Why Paying Is Important
If you are not in a deferment or forbearance and you stop paying your student loan(s), you first become past due with your servicer(s)/lender(s) and may eventually default on your federal student loan(s). Fortunately, there may still be options available to you.
If you don't make payment arrangements, you may default on your loan(s).
If you default on your loan(s), you lose access to important loan features that could help you manage your debt, such as deferment, forbearance and some repayment plans. Contact your servicer(s)/lender(s) who may be able to help you get back on track.
If you have a FFELP loan(s) you may be able to consolidate in the Direct Consolidation Loan Program. Contact your servicer(s)/lender(s).
If you don't know who your servicer(s)/lender(s) is, go to the Federal Student Aid (FSA) website, which is the central database for all federal student loan information.
Don't Wait to Ask for Help
Even after you miss a payment, you still have options. But the longer you wait to find a solution, the harder it may be to catch up. Contact your servicer(s)/lender(s).
- Assess your budget. Shifting your priorities can help you make your student loan payments. Take control of your budget.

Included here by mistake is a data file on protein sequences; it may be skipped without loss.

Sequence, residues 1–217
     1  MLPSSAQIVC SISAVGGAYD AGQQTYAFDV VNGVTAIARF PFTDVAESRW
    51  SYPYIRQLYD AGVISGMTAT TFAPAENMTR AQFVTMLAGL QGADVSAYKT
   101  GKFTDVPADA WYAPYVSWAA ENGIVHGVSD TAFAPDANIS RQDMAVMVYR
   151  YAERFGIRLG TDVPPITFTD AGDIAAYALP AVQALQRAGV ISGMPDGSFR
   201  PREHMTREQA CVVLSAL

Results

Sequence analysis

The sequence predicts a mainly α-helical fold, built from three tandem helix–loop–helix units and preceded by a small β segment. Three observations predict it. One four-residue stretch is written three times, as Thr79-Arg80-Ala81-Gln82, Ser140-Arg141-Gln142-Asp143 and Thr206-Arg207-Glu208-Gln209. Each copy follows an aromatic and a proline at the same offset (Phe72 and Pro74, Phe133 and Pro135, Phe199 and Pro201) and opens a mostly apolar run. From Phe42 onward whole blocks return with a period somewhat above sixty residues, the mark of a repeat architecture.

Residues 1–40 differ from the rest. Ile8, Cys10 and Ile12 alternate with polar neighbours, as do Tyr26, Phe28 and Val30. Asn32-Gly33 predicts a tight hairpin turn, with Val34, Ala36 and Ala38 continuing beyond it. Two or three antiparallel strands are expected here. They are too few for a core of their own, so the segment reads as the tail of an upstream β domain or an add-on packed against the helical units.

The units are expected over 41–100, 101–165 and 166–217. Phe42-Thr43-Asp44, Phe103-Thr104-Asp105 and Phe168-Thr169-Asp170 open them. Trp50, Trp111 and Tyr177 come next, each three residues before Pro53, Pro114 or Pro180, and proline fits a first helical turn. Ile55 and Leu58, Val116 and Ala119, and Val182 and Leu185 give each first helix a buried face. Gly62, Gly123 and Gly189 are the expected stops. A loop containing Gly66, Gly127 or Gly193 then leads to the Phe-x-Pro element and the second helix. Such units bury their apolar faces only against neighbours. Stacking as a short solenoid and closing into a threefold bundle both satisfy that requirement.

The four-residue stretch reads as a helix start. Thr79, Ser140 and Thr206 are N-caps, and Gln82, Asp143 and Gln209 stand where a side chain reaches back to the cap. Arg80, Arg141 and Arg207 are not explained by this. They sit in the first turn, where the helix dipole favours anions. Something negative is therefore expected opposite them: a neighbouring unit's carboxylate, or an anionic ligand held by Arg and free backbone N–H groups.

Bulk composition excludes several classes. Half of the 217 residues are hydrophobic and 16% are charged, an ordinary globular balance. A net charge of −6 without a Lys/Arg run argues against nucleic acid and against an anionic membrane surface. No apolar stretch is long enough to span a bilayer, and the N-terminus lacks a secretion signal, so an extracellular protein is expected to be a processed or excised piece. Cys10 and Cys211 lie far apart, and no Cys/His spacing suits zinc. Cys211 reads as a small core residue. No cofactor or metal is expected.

- Lower your monthly payments. Federal student loans feature multiple repayment plans so you can find a solution that fits your situation.
- See if you are eligible for a deferment. You may be able to have your loan payments put on hold. Find out how in our Postpone payments section.
- Ask for a forbearance. A forbearance can temporarily postpone your payments.
Default May Impact Your Financial Health
Depending on the loan type(s) and date on which you received your loan(s), your account can enter default after as few as nine months of missed payments. Some of the consequences of defaulting on a federal student loan(s) include:
- Losing benefits like deferment, forbearance and flexible payment options
- Initiating the administrative wage garnishment process
- The government may seize your tax refund or other government payments
- Your loan balance may increase due to federally mandated collection costs
- The defaulted status may be reported to the national consumer reporting agencies (aka credit bureaus)
- Your loan(s) can be placed with a third-party collection agency
- You can be sued for the entire loan amount
Are You at Risk of Default?
If you don't know the current status of your federal student loan(s), you may already be past due or in default. Contact your servicer(s)/lender(s) to determine the status of your loan(s). If you don't know who your servicer(s)/lender(s) is, go to the Federal Student Aid (FSA) website, which is the central database for all federal student loan information.